More to come in the next days!
One of the surprises for this Editor, and for others attending the mHealth Summit, was to see the sizable presence of Qualcomm Life on both the exposition floor and during the sessions. From a near-nil presence at ATA 2014 and gone dark on news, the floodlights snapped on last week with new partners and a new emphasis: coordination of chronic and transitional (hospital to home) care management (CCM/TCM).
On the show floor, the spotlight was on the partner companies which mixed the established with (mostly) the early and mid-stage. Readers will recognize names such as AliveCor, Telcare, OMRON, Nonin and Airstrip; not so well known are Vaica, Orion Health, Monitored Therapeutics, IMPak Health, Vital Connect, Care Connectors, toSense (CoVa), Dexcom, InteliChart, TruClinic, ForaCare, VOXX, vitaphone (outside of Europe), Propeller Health and Noom Health (a NYeC Digital Health Accelerator 2014 graduate). The partners occupy different parts of the management continuum, integrating communications, record sharing, population health management, sensor-based monitoring, traditional and non-traditional vital signs monitoring, medication management, behavioral change methodologies and PHRs. The 2net Hub is still present for data transmission, sharing and storage, but more prominent is Qualcomm Life’s HealthyCircles platform which provides the clinical management ‘glue’: secure communications, record sharing and care team coordination. HealthyCircles was purchased in mid-2013. Founder James Mault, MD, FACS joined Qualcomm Life as VP/Chief Medical Officer.
We had some post-mHealth Summit reflection time by telephone this Wednesday while Dr Mault was in Boston. (more…)
mHealth Summit this year had an abundance of digital health company news announcements, not only from the conference but also timed to coincide with the heightened interest around it. Your Editor looks over the most interesting of them, briefly. Thanks to Ashley Gold of Politico’s Morning eHealth (@ashleygold, daily reports archived here), Stephanie Baum of MedCityNews (@stephlbaum) and Anne Zieger of Healthcare Dive for their coverage and their company in the press room!
Partners HealthCare researches, Validic expands, AliveCor and Omron ally, Happtique sells out, Doctor on Demand is telemental, Orange goes dental, VA Innovation Rocks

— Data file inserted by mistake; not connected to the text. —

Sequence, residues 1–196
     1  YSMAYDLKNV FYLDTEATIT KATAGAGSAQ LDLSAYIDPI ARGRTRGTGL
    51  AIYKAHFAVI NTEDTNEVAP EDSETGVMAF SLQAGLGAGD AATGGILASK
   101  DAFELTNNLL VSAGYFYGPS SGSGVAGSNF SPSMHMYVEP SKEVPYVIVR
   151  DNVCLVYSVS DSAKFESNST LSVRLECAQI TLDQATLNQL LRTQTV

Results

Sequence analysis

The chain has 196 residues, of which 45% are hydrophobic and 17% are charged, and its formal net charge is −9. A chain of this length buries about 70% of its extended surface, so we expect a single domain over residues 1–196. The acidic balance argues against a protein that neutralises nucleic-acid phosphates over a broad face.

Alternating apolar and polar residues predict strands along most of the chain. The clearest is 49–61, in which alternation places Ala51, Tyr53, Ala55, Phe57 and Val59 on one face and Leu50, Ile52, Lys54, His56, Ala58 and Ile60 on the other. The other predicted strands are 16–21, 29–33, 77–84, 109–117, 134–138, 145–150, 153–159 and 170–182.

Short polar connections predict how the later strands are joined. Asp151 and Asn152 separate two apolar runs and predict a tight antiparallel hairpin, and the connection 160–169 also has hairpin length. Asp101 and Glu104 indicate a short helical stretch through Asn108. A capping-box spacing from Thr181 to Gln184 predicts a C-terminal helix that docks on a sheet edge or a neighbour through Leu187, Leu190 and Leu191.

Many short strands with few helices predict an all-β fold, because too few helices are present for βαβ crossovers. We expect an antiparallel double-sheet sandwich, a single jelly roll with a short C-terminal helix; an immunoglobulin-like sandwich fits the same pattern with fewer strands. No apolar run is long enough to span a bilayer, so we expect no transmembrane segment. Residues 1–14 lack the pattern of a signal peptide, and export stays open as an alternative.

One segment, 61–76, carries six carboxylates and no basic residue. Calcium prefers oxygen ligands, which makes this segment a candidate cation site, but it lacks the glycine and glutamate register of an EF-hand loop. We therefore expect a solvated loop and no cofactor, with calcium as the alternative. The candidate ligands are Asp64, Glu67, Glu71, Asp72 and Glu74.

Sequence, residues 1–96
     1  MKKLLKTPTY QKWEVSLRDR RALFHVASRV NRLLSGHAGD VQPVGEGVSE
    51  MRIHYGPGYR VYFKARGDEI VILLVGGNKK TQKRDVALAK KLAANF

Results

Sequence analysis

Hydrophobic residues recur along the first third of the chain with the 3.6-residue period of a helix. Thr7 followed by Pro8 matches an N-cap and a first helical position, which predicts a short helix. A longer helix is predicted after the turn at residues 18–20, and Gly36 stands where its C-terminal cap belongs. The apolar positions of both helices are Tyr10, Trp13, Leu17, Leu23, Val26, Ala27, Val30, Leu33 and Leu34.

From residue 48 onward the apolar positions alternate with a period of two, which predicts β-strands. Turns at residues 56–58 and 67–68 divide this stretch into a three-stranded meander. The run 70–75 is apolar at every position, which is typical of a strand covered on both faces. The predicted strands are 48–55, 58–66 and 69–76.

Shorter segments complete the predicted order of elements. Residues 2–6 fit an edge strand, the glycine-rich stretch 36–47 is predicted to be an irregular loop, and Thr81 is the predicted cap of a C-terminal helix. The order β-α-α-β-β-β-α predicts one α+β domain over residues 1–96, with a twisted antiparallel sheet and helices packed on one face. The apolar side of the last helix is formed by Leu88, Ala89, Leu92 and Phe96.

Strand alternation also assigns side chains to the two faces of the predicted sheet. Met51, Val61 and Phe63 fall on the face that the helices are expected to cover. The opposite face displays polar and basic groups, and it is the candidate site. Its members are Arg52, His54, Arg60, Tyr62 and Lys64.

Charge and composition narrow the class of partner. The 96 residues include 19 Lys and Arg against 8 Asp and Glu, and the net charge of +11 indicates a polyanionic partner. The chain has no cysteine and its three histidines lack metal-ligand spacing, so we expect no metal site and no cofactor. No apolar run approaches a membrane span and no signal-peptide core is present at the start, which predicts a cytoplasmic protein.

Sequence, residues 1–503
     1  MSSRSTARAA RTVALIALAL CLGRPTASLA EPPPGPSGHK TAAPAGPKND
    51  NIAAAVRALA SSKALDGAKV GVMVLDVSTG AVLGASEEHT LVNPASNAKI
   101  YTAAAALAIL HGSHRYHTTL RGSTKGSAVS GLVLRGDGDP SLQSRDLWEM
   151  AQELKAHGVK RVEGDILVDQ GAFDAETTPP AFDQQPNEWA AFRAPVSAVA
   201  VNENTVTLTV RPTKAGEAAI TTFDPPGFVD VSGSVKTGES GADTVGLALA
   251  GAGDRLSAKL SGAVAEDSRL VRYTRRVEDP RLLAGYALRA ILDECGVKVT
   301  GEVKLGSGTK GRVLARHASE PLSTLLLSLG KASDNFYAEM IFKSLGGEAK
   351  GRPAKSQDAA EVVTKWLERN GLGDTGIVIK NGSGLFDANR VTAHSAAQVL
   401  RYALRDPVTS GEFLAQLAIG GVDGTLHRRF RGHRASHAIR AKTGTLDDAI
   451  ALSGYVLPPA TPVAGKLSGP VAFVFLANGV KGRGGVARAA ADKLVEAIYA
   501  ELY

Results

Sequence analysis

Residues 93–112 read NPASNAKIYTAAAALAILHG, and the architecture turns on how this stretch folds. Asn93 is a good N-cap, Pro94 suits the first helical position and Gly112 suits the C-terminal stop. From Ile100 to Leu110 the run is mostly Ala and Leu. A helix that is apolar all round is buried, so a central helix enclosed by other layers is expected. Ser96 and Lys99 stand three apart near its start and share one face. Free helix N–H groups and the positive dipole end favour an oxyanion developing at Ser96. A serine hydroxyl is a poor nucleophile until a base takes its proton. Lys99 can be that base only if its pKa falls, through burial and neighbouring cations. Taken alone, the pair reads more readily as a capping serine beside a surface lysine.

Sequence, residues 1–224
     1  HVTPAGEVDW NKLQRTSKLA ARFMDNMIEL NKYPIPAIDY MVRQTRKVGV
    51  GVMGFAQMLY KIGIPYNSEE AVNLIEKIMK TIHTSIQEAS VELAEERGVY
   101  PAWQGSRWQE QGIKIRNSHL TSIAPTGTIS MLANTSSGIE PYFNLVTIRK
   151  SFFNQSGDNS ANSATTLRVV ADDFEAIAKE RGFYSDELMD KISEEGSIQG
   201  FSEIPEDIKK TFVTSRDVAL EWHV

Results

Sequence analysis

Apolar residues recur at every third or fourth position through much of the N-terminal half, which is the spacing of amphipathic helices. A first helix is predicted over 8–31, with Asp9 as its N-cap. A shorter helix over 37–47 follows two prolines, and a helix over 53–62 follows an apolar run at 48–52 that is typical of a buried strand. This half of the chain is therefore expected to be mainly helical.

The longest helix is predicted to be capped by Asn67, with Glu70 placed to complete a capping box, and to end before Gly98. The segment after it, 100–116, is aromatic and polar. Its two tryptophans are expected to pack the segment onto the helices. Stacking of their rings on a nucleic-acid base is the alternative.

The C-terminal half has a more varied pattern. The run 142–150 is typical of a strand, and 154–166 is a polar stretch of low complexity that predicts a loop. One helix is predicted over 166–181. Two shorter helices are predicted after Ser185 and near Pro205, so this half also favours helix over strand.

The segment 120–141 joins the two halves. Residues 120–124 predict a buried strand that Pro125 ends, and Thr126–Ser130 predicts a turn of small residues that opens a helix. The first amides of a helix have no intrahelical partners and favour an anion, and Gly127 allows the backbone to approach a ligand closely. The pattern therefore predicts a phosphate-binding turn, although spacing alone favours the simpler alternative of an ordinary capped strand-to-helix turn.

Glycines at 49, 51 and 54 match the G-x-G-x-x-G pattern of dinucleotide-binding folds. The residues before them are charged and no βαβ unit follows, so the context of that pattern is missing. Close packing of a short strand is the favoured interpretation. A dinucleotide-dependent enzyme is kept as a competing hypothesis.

- Partners HealthCare/Center for Connected Health’s cHealth Compass will use panel and other research to help companies, device manufacturers, startups and investors determine what end users–consumer and provider–want out of personal health tech. Focus groups, interviews and usability testing will help to determine product design, evaluation, assess applications and feasibility as well as interim/final product testing. Partners is already organizing in Massachusetts a 2,000-patient database which rewards participants $50 on registration and $110 annually to be in a monthly survey panel. cHealth Compass website, BetaBoston (Boston Globe)
- Health data connector/aggregator Validic demonstrates the attractiveness of Anything Big Data on with new clients including the Everyday Health consumer/professional website and the adidas Group’s sport and fitness apps. Recently they added WebMD, Pfizer, University of Pittsburgh Medical Center (UPMC), NexJ Health and MedHost to their client list. The company claims that their ‘ecosystem’–probably the most popular buzzword at this year’s conference–of healthcare companies and tech developers now reaches over 100 million people with devices such as Omron, Alere, Qardio, Telcare, Jawbone and Withings. Release
- AliveCor accentuates the retail with Omron. AliveCor, which developed the first FDA-cleared ECG for smartphones and gained clearance for an atrial fibrillation algorithm in August, is collaborating with Japanese device manufacturer Omron on developing its retail presence. Omron’s devices are available in major drugstores such as Walgreens, RiteAid and Walmart so certainly AliveCor is due to benefit. AliveCor is also part of a revived QualcommLife (more on this in an upcoming article) Release, Mobihealthnews (Your Editor had the pleasure of meeting at last AliveCor’s CMO and founder Dr. Dave Albert.)
- Happtique sold to SocialWellth. Last year’s floor talk was about Happtique’s first class of certified apps and a security expert’s untimely discovery of major flaws (more…)